Today is National No Smoking Day here in the UK, so there is really no better time to discuss how smoking can affect your mouth, teeth and gums, and why ditching the habit might just be the best decision you ever make for your oral health.
We appreciate that if you are a smoker, the past year will perhaps have been one of the most difficult periods in which to give up. All of us have been stressed and if we are honest a lot of us will have increased our reliance on the crutches which aren’t good for us, should that be junk food, alcohol or indeed cigarettes.
The flip side is that there has never been a time when quitting smoking would be most beneficial, as we have seen that people who have recovered fastest from Covid have been the ones who are healthy, fit and don’t smoke.
Everyone knows by this point that smoking is bad for your lungs, but less people are aware of the myriad of damaging effects that tobacco consumption has on your mouth! On a purely aesthetic level, the nicotine and tar found in cigarettes can discolour your teeth, leaving unsightly yellow or brown patches on the tooth surface which can be impossible to remove without our professional help. If you’re a heavy smoker, however, discolouration is the least of your teeth’s problems.
Whenever cigarette smoke is taken into the mouth, saliva flow is immediately disrupted- this causes your mouth to dry out significantly, and a dry mouth is exactly what harmful bacteria thrive in. Saliva is actually extremely important in maintaining a healthy mouth, and a lack of it means that bacteria can stick to your teeth and gums with ease. Dry, bacteria filled mouths are a leading cause of a host of oral diseases including gingivitis and periodontal disease, and because of this, smokers are three to six times more likely to develop these diseases. Bad breath is a common symptom of dry mouth, and a lack of saliva also means that plaque can form far quicker on your teeth, and if not removed daily, this plaque can harden into tartar, a substance that is not only unsightly but can irritate and swell your gums, leading to- you guessed it- gum disease.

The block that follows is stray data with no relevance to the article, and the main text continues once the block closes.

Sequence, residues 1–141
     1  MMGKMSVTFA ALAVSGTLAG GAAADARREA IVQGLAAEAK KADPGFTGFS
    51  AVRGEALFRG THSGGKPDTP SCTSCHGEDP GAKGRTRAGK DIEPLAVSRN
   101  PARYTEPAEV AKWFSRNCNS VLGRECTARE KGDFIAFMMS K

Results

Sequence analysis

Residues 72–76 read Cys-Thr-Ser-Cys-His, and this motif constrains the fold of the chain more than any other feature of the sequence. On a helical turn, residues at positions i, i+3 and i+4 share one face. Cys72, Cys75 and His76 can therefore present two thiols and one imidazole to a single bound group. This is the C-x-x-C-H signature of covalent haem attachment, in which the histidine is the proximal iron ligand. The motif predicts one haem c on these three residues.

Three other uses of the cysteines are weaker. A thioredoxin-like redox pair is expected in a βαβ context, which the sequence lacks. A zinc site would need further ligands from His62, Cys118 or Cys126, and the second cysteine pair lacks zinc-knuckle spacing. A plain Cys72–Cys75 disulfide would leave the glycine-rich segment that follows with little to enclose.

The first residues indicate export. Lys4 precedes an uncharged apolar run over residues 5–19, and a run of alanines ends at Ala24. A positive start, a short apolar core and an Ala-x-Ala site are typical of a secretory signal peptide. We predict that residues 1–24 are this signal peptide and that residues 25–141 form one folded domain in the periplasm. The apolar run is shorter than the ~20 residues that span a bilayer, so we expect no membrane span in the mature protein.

Now, let’s address the elephant in the room- Cancer. Along with alcohol, tobacco is the largest risk factor for oral cancers. Mouth cancer is largely a lifestyle disease, meaning that the majority of cases are related to the use of either tobacco or alcohol. Now’s the time for some statistics: firstly, approximately 90% of mouth cancer sufferers are tobacco users, compared to 87% for lung cancer. Smokers are 6 times more likely than non-smokers to develop mouth cancer which rises to a whopping 50 times if you are a user of chewing tobacco, and studies have shown that cancer recurrences are 30% more common if the patient continues to smoke after the first cancer is treated.
All of this information isn’t meant to scare you (for the most part) but inform you how much healthier you’d be without smoking. Obviously, we believe that the best thing for your oral health would be to quit smoking completely, but we’re not blind to the difficulties that come with giving up. Simply halving your daily tobacco intake will reduce the risk of all of these issues, and maintaining a regular hygiene routine will go some way to preventing plaque build up and bad breath. If you’re serious about quitting, schedule an phone consultation with your GP (most are offering this as an alternative to appointments in this Covid era) as there are loads of great quitting aids available on the NHS. If you have any oral health issues, smoking related or otherwise, don’t hesitate to book an appointment with us at London Holistic Dental Centre- just call Laune on 020 7487 5221.